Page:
Federal officials are claiming that after the National Security Agency reaches its six-month deadline and data collection is transferred to private phone companies, as provided by the USA Freedom Act, it will destroy the records of Americans’ metadata that have been archived over the last five years.
A statement released by the Office of the Director of National Intelligence on Monday claimed that in transitioning from the Patriot Act to the USA Freedom Act, the NSA has determined that any metadata collected under the Patriot Act “will cease on November 29, 2015” when the NSA’s bulk collection is supposed to end.
The statement also noted that “solely for data integrity purposes to verify the records produced under the new targeted production authorized by the USA Freedom Act,” the NSA will allow technical personnel to continue to have access to the metadata for three months after the NSA’s collection ends.
The NSA’s bulk collection of Americans’ metadata was ruled illegal by a federal appeals court on May 7. The ruling stated that Section 215 of the Patriot Act, which the NSA used as justification for the program, “cannot bear the weight the government asks us to assign to it,” and therefore it “does not authorize the telephone metadata program.”
Despite attempts from some members of Congress to extend the Patriot Act as is, Section 215 expired on June 1, and after debate as to whether the U.S. government should have any kind of surveillance program collecting data from innocent Americans, it was replaced by the USA Freedom Act.
While advocates of the USA Freedom Act presented it as a way to curb the powers of the NSA by transferring the bulk collection Americans’ phone records to private companies, those in opposition noted that it wouldn’t end the government’s collection; it would only change the channels the government went through to collect Americans’ records.
After the NSA’s program expired on June 1, the Department of Justice submitted a request to the Foreign Intelligence Surveillance (FISA) Court, asking the Court to reinstate the NSA’s collection for the next six months, and to ignore the ruling from the Federal Appeal’s Court, which stated that NSA spying is illegal.
The statement from the Office of the Director of National Intelligence acknowledged that the FISA Court approved the Government’s application to resume the Section 215 bulk metadata collection on June 29.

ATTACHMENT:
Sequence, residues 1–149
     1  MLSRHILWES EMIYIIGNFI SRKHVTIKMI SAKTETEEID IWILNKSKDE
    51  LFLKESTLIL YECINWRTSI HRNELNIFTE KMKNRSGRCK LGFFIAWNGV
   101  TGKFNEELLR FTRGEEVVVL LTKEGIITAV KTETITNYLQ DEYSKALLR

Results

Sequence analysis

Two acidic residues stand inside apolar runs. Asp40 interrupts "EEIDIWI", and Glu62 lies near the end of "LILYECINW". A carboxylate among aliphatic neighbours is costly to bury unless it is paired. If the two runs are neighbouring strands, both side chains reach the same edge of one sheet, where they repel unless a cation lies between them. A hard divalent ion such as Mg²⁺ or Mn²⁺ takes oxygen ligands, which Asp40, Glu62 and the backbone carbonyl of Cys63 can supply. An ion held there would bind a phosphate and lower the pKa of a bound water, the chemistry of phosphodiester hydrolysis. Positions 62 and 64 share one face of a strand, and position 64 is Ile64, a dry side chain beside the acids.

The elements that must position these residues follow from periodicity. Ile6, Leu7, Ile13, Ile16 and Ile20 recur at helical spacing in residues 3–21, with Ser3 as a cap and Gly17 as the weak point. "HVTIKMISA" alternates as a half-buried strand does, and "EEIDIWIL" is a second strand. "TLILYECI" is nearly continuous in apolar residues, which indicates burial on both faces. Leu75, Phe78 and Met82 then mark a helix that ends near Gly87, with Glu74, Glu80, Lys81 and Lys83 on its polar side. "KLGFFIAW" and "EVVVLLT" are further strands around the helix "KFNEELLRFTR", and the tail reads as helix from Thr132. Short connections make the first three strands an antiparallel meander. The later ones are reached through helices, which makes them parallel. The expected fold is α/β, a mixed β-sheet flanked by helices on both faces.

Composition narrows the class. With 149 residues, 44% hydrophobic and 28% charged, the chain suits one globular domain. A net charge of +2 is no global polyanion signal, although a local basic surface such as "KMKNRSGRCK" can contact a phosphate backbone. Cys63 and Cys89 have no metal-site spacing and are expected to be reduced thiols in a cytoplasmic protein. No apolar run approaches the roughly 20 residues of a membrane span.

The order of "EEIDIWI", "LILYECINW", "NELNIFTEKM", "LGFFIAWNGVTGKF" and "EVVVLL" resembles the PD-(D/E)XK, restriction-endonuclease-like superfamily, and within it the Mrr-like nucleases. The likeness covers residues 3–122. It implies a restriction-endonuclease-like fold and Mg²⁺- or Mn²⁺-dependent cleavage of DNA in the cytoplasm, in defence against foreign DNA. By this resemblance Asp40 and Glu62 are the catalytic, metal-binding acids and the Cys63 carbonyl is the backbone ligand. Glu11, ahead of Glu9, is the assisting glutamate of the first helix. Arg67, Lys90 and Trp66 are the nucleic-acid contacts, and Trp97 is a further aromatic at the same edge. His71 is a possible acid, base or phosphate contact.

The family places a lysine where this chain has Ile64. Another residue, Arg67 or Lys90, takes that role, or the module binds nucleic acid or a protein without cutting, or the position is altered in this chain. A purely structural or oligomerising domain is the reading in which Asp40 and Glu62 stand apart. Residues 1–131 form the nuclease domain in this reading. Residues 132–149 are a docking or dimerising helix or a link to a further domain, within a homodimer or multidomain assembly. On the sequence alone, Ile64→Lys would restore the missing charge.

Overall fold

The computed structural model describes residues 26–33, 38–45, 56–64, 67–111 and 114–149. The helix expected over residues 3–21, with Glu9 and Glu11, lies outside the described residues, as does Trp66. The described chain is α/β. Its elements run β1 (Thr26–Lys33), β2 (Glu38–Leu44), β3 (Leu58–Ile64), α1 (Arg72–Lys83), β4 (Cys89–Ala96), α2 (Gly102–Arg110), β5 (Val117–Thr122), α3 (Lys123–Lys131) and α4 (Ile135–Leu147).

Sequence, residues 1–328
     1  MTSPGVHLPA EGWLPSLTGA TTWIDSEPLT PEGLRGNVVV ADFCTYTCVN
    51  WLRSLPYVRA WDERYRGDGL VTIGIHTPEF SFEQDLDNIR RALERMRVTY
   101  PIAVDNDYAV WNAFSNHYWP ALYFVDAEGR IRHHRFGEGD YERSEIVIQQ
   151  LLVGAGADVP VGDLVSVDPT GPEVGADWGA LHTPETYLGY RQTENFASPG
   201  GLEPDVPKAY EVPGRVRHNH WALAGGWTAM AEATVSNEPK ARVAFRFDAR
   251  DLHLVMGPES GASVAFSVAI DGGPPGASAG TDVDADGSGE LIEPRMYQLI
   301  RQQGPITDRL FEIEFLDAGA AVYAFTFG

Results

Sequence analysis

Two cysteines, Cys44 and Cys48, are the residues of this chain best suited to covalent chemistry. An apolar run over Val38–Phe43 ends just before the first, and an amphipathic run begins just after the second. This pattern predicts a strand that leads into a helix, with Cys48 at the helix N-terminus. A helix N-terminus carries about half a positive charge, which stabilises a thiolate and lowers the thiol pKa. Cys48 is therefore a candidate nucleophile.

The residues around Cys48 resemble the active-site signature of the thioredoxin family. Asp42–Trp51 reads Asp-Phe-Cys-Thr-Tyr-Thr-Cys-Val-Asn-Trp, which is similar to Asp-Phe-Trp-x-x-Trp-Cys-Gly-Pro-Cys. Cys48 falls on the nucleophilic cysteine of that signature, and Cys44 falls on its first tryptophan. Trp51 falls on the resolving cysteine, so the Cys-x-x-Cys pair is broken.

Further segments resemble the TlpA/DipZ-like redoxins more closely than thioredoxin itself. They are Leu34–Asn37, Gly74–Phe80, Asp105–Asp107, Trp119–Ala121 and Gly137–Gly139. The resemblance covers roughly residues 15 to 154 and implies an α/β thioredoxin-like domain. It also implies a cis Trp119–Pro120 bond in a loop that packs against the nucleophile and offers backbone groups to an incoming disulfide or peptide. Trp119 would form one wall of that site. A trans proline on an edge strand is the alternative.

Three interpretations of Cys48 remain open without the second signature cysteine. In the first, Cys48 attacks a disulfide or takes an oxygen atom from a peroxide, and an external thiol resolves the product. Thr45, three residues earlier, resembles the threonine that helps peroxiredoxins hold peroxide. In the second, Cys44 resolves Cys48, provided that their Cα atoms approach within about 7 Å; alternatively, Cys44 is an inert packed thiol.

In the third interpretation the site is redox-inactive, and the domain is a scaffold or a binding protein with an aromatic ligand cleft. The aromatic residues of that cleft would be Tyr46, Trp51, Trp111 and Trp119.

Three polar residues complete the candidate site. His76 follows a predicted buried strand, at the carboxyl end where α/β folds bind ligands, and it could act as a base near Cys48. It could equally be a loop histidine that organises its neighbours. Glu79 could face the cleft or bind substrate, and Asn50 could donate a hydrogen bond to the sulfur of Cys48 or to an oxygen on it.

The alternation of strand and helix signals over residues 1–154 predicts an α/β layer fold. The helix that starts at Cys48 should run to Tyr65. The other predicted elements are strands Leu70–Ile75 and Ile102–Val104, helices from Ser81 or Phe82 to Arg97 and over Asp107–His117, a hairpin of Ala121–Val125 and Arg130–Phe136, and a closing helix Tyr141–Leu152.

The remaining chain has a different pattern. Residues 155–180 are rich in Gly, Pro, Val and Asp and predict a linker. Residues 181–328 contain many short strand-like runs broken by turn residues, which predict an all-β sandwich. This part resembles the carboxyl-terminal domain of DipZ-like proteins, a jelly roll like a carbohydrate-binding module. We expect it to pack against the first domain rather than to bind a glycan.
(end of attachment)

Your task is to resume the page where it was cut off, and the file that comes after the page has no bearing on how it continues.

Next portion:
“NSA remains under a continuing legal obligation to preserve its bulk 215 telephony metadata collection until civil litigation regarding the program is resolved, or the relevant courts relieve NSA of such obligations,” the statement claimed. “The telephony metadata preserved solely because of preservation obligations in pending civil litigation will not be used or accessed for any other purpose, and, as soon as possible, NSA will destroy the Section 215 bulk telephony metadata upon expiration of its litigation preservation obligations.”
The Guardian noted that although the NSA’s data collection was initially presented as a way to fight terrorism, and the NSA probed the database “around 300 times a year against phone numbers suspected of being linked to terrorism,” the program was “not considered instrumental in detecting terror plots.”
ACLU staff attorney Alex Abdo told The Intercept that while his organization is “pleased that the NSA intends to purge the call records it has collected illegally,” he is wary that “the devil may be in the details.”
The topic of the NSA’s bulk collection has drawn attention from GOP presidential candidates entering the 2016 election, such as Kentucky Sen. Rand Paul who is against government surveillance altogether; Wisconsin Gov. Scott Walker who called for full reauthorization of the Patriot Act; former Florida Gov. Jeb Bush who fully supports the NSA’s surveillance program to “keep us safe”; and billionaire mogul Donald Trump who said that Edward Snowden, the man who revealed the NSA’s program in 2013, is a “traitor” and should be killed.